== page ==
The 3-5-2 assembled by Horton to account for the scapegoating of those two saw the agile and ever-brilliant Norman protected by a trio of defenders that combined ferocity with culture, as Peter Skipper and Stan McEwan did the filthy stuff alongside the elegant Jobson. Pearson and Heard operated as hunters in midfield, allowing Doyle to scheme, with Williams and the long-serving Gary Swann – the recipient of a new deal that week – working the wider positions. Bunn and Flounders took on the might of Watson and Bruce at the helm of City’s attack, with Saville joining in at the end as City sought the win.
City’s business for the season finished with the signing of YTS striker Andy Payton on a full-time deal and the release of just one senior player, midfielder Mike Ring, who had been frozen out during the autumn and had just returned from an unsatisfactory loan spell at Bolton. The team ended the season sixth, the second best finish in the post-war era and, despite the difficult spring period, a brilliant effort for a squad still full of players that had featured in the two divisions below. It was, typically for City, a season too early for involvement in the play-offs, however.
The optimism couldn’t continue the next year though, with the loss of the pivotal Doyle in pre-season to a broken leg from which he would not recover, and City struggled in a tighter and harder division, despite signing Ray Daniel, Alex Dyer and Charlie Palmer, getting club captain Garreth Roberts back from injury and seeing Parker begin to stamp his mark on games.
Norwich, joined in the top tier by Charlton Athletic and Wimbledon, had no need to fear becoming a yo-yo team and thrived in the top flight under Ken Brown, though they needed a new keeper to do so as the highly-rated Woods joined Glasgow Rangers for £600,000 after coming back from the World Cup. He remained a fixture in the England squad as Peter Shilton’s prime understudy, eventually becoming first choice in 1990. The long-serving Watson got over his disappointment at missing out on a place in Mexico by earning a big-money move to Everton, where he would spend 15 distinguished years and win a League title and FA Cup, and a spot in his country’s starting XI at the 1988 European Championships, though England’s deplorable performances in that tournament saw him frozen out afterwards, never to return.
Bruce captained the England B side in 1987 and famously earned his move to Manchester United in November of that year after Bryan Robson recommended him to manager Alex Ferguson on the strength of his ratings in the Sunday papers. He spent nine years at Old Trafford and won three Premier League titles, two FA Cups, another League Cup and the European Cup Winners Cup. Phelan took over as Norwich captain and then joined his former skipper at Manchester United in 1989 after a fine season in which he came close to captaining Norwich to success in both the League and the FA Cup. Drinkell’s prolific three years at Norwich earned him a move to Glasgow Rangers in 1988 and, an unhappy couple of years at Coventry City aside, he ended up staying in Scotland for the rest of his playing career and beyond.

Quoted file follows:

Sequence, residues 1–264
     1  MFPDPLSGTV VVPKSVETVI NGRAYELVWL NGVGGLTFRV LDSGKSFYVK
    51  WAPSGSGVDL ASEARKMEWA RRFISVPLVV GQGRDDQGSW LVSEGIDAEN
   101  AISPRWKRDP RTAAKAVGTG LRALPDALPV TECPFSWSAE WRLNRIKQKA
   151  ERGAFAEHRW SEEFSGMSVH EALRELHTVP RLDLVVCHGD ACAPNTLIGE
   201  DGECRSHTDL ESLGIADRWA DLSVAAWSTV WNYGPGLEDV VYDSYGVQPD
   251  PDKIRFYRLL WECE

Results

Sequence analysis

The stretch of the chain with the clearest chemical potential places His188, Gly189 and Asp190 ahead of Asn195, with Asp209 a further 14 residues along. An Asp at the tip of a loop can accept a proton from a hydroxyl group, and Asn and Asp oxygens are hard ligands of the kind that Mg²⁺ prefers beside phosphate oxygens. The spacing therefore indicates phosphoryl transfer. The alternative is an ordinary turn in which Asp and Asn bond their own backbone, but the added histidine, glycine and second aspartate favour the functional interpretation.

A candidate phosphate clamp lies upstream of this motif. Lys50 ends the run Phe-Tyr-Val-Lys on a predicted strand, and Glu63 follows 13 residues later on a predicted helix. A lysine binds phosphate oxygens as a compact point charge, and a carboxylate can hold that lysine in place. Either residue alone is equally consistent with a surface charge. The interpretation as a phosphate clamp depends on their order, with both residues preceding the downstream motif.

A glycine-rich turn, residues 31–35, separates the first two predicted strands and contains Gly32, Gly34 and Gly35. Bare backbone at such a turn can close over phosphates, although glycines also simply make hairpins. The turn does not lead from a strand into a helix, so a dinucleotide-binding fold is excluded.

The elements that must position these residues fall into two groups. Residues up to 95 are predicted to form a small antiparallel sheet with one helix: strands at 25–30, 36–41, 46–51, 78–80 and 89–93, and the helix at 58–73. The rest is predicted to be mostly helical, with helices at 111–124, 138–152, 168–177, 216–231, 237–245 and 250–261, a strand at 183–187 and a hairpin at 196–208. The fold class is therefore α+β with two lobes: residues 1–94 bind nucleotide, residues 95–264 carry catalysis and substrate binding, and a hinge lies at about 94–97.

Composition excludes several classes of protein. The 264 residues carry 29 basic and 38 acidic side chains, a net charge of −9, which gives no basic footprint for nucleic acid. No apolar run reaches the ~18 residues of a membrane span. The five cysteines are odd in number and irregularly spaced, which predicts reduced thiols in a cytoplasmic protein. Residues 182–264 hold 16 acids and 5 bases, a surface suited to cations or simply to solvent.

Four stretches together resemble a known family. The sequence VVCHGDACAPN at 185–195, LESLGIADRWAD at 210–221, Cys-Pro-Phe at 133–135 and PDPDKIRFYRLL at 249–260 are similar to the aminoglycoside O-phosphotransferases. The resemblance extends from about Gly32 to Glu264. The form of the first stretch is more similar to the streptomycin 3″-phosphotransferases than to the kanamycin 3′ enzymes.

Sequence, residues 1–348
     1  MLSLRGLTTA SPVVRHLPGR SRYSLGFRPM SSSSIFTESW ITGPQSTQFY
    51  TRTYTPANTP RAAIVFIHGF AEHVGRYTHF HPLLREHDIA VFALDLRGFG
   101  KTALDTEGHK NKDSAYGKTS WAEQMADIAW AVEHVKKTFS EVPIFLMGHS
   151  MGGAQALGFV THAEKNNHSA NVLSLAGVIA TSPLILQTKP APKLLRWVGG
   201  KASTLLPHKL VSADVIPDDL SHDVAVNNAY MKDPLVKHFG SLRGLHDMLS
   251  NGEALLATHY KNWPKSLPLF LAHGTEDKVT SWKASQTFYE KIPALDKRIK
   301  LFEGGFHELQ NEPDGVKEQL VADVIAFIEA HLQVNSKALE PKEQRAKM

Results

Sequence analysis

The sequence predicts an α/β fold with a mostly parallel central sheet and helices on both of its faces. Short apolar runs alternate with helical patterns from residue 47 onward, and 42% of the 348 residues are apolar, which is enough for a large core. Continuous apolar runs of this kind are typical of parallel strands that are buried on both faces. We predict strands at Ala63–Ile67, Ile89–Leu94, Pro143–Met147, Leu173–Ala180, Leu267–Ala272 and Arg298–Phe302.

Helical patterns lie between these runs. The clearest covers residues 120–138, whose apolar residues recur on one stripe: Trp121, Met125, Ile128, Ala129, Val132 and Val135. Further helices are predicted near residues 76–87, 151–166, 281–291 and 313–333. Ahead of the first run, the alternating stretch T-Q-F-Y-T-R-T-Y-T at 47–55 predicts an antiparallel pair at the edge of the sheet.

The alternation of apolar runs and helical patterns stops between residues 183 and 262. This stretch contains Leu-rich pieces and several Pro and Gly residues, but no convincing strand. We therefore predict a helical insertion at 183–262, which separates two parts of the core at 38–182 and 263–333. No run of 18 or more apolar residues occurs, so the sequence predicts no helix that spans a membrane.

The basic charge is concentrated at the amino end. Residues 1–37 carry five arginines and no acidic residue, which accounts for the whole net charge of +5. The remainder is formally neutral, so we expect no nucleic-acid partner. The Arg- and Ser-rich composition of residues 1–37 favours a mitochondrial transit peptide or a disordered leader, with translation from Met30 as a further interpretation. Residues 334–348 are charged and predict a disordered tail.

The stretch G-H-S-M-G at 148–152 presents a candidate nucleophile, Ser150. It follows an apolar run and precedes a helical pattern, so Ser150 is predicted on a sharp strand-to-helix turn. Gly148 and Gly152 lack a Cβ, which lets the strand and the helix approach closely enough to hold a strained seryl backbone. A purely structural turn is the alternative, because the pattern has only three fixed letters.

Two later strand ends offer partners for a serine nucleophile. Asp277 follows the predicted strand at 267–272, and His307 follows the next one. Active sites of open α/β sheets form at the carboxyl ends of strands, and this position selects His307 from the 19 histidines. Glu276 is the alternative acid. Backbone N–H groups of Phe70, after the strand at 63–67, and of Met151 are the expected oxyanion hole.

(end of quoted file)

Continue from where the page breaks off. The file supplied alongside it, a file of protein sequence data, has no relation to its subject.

Less illustrious names in action that night in 1986 who picked up a Second Division winners’ medal included local boy Paul Haylock, Dutch defender Dennis Van Wijk, experienced midfielder Dave Williams, much-travelled centre forward Wayne Biggins and former England Under 21 striker John Deehan. Two of the protagonists at Boothferry Park didn’t get medals, however; Brooke, twice an FA Cup winner with boyhood club Tottenham Hotspur, was one appearance short of a medal and never settled at Carrow Road, leaving for Scandinavia in 1987. Substitute Tony Spearing, on early for the hamstrung Biggins in this game, ended up playing ten times that year before going to spells of varying satisfaction at Leicester, Plymouth and Peterborough.
Bruce never played against City again – his arrival at Old Trafford came a month after Manchester United had beaten the Tigers 6-0 on aggregate in a League Cup second round tie – and even his brief veteran spells at Birmingham City and Sheffield United didn’t coincide with City being in the same division.
City also didn’t play Norwich again for almost 20 years, when Peter Taylor’s side lost 2-1 at Carrow Road in the Championship in September 2005, before a 1-1 draw at the KC later the same season. Each side have won one game each at the Circle in this fixture since; goals from Darren Huckerby and Dickson Etuhu helped the Canaries to a 2-1 victory in 2006/7, but City won by the same score a season later with Richard Garcia getting the clinching goal. This quickfire round of games after a two-decade gap is also memorable for Michael Turner’s injury-time equaliser for City at Carrow Road in November 2006, biting the hand that today feeds him, and a 2-0 triumph in September 2010 thanks to late goals from Robert Koren and Tom Cairney which finally ended the catastrophic run of 27 away games without a win.
Norwich’s laudable recent record in Hull doesn’t compare with a remarkable sequence when they won four out of five visits in the League to Boothferry Park between 1967 and 1972, and then threw in a League Cup success there in 1973 for good measure. But this weekend’s game will be the first ever between the two at football’s top level, and a man who is now a legend of both clubs is responsible for making it happen.